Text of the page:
If you hit the gym on a regular basis, your weight room habits are probably more ritual than whimsical. Your routine, in fact, may start well before you ever break that first bead of sweat — think of the increasingly popular “get ready with me” trend on social media or jamming your favorite hype songs on the drive.
Once you cross the threshold of the gym doors, however, it’s all business. And the first order of business is hitting up the stair-stepper. Or aiming squarely at the squat rack. Everyone has a favorite thing in the gym, and your weapon of choice in the weight room says more about you than you might think.
Here are a few of the most popular pieces of gym equipment (plus, some fresh ways to use them) and what they say about you. Think of it as your fitness horoscope.
The stair stepper is the crucible of cardio machines. At a glance, it doesn’t look that difficult (you may have climbed some steps to get to your gym, even). Fifteen minutes in, though, and you’re huffing and puffing and clutching the support rails.
If your favorite form of cardio is a power hour on the stair climber, you probably enjoy testing your mental capacity as much as your physical limits. That, or you’re training to guarantee you can carry all the groceries from the car to the kitchen in a single trip.
Try This Stair Stepper Workout
The stair stepper is great if you’re looking to break a serious sweat, pump up your backside, and get a little existential in the process (after all, you’re constantly climbing…nowhere). If you’re looking to spice up your cardio routine, try this brief but brutal stair stepper workout:
- Step for two minutes at a low, sustainable speed.
- Every subsequent minute for the next 8 minutes, increase the speed by 1.
- Maintain that top speed for 3 minutes.
- Every subsequent minute for the next 5 minutes, decrease the speed by 1.
The barbell: Beautiful in its simplicity. And, also, frustrating in its simplicity. If you prefer to work with the barbell when you hit the weights, the phrase “keep it simple, stupid” probably resonates with you on a deep, cerebral level. Maybe it’s a bumper sticker on your car, or on your calendar, or maybe you heard it from your dad one too many times growing up.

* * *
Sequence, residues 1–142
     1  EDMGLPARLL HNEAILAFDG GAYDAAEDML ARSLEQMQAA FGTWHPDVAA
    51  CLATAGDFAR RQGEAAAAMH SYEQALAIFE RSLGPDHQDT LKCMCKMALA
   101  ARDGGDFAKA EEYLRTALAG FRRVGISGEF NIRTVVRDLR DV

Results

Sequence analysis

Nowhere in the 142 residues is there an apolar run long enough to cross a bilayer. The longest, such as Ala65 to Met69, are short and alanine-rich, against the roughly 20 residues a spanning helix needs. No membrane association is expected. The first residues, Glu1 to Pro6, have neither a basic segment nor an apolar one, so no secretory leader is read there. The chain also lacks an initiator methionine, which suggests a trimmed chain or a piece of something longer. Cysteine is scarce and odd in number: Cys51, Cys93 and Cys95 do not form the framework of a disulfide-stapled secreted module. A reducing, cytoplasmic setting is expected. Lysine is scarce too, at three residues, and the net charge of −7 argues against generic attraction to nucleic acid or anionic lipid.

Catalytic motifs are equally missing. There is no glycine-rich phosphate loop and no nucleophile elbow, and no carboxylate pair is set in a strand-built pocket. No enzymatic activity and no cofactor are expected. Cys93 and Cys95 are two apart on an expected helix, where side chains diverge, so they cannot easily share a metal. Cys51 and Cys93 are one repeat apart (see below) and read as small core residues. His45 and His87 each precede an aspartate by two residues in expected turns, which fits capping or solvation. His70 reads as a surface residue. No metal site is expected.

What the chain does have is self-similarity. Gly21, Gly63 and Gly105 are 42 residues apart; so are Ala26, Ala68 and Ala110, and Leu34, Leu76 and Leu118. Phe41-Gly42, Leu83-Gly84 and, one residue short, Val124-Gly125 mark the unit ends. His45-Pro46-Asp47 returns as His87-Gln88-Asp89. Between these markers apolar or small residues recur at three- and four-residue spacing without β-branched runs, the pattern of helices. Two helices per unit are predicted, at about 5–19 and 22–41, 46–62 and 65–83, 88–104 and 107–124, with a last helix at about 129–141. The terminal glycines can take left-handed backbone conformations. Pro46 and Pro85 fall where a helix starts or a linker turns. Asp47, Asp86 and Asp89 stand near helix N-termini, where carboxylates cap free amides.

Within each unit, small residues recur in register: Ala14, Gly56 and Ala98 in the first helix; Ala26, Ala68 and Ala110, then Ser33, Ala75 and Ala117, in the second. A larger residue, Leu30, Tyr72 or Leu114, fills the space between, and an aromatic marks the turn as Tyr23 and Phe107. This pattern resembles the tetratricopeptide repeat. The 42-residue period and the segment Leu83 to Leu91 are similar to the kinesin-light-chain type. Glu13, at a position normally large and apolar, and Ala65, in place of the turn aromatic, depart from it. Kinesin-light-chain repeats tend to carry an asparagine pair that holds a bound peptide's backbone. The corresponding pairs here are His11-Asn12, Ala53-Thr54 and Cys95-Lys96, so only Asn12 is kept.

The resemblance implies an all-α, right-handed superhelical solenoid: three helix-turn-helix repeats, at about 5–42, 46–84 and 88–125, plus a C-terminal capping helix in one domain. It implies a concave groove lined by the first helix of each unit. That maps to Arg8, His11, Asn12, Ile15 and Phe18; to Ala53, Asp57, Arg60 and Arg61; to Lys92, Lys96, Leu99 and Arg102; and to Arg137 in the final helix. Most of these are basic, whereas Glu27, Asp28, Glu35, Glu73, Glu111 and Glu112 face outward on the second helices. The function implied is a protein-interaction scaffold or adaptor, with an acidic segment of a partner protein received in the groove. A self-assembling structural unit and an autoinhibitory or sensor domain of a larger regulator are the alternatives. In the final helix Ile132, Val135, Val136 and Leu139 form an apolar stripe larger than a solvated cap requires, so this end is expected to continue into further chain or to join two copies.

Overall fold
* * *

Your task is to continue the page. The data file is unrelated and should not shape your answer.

The barbell isn’t a toning tool; it’s a teacher. You seek out the bar when you want to strip away the fat and fluff of fitness fads, get your hands dirty, and work. Nothing quiets the mind like a few sets of touch-and-go deadlifts, after all. And no exercise machine on Earth can give you the same feeling you get from sending a loaded bar soaring overhead during the snatch.
[Read More: Best Power Racks For Small Spaces, Folding, And More]
Oh, and you never have to worry about someone derailing your workout by asking to work in during a barbell exercise; if you’re squatting, they can squat with you or wait their turn.
Best Barbell Exercises
As far as free weights go, barbells crush the competition in terms of convenience. You can get a mighty fine full-body workout in without ever so much as glancing at the dumbbell rack. These barbell exercises cover every fundamental movement pattern out there and are all but guaranteed to coat you in muscle from head to toe:
If dumbbells are your favorite tools to work with in the gym, you probably fall into one (or more) of the following categories:
- You saw Pumping Iron and it made a strong impact on your burgeoning fitness career.
- You absolutely cannot, under any circumstances, be arsed to wait for the only squat rack to open up (“seriously, why are you doing that exercise in there?”).
- You have “fun mom” energy.
- You believe unilateral training will fix — or prevent — your fitness woes.
You can substitute dumbbells in for just about any barbell-based movement and do just fine. Unilateral exercises are legitimately therapeutic when applied correctly. Oh, and dumbbell circuits are just plain fun.
Try This Dumbbell Circuit
Your gym may have dozens of pairs of dumbbells, but you don’t need to sample them all to have a good calorie-burning workout. Move through this sequence three times, taking little to no rest between exercises, to break a real sweat and get your heart pumping:
- Dumbbell Floor Press: 10 repetitions
- Dumbbell Renegade Row: 10 repetitions
- Dumbbell Romanian Deadlift: 10 repetitions
- Dumbbell Front Squat: 10 repetitions
- Dumbbell Push Press: 10 repetitions
- Dumbbell Farmer’s Walk: 10 paces per leg
Kettlebell purists swear by — and worship at the altar of — their versatility. Ask anyone who practices kettlebell training full-time and they’ll tell you there’s nothing you can’t do with them; build muscle, gain strength, burn calories, improve coordination, file your taxes, mow your lawn…the list goes on.
Behind that zany devotion, though, is more than a little truth. Kettlebells really are one of the most widely-applicable pieces of gym equipment out there. If you like to take a “Jack of all trades” approach to fitness, they’re probably your favorite tool to swing, or thrust, or row, or whatever.
Training with kettlebells might make you feel like you’re ready for whatever life throws at you. In a way, you’d be right. You may not be as strong as a barbell-bound powerlifter or have the engine of a full-time endurance athlete, but you can perform pretty damn well in just about any area of fitness.
Try This Kettlebell Circuit
Think of this kettlebell circuit as a buffet of gains; you’ll sample a little bit of everything along the way. Swings will help you train for power, carries will test your endurance, Turkish get-ups build full-body strength, and so on.
- Turkish Get-Up: 5 repetitions
- Kettlebell Power Clean: 6 repetitions per arm
- Kettlebell Push Press: 6 repetitions per arm
- Kettlebell Swing: 20 repetitions
- Kettlebell Suitcase Carry: 10 steps per leg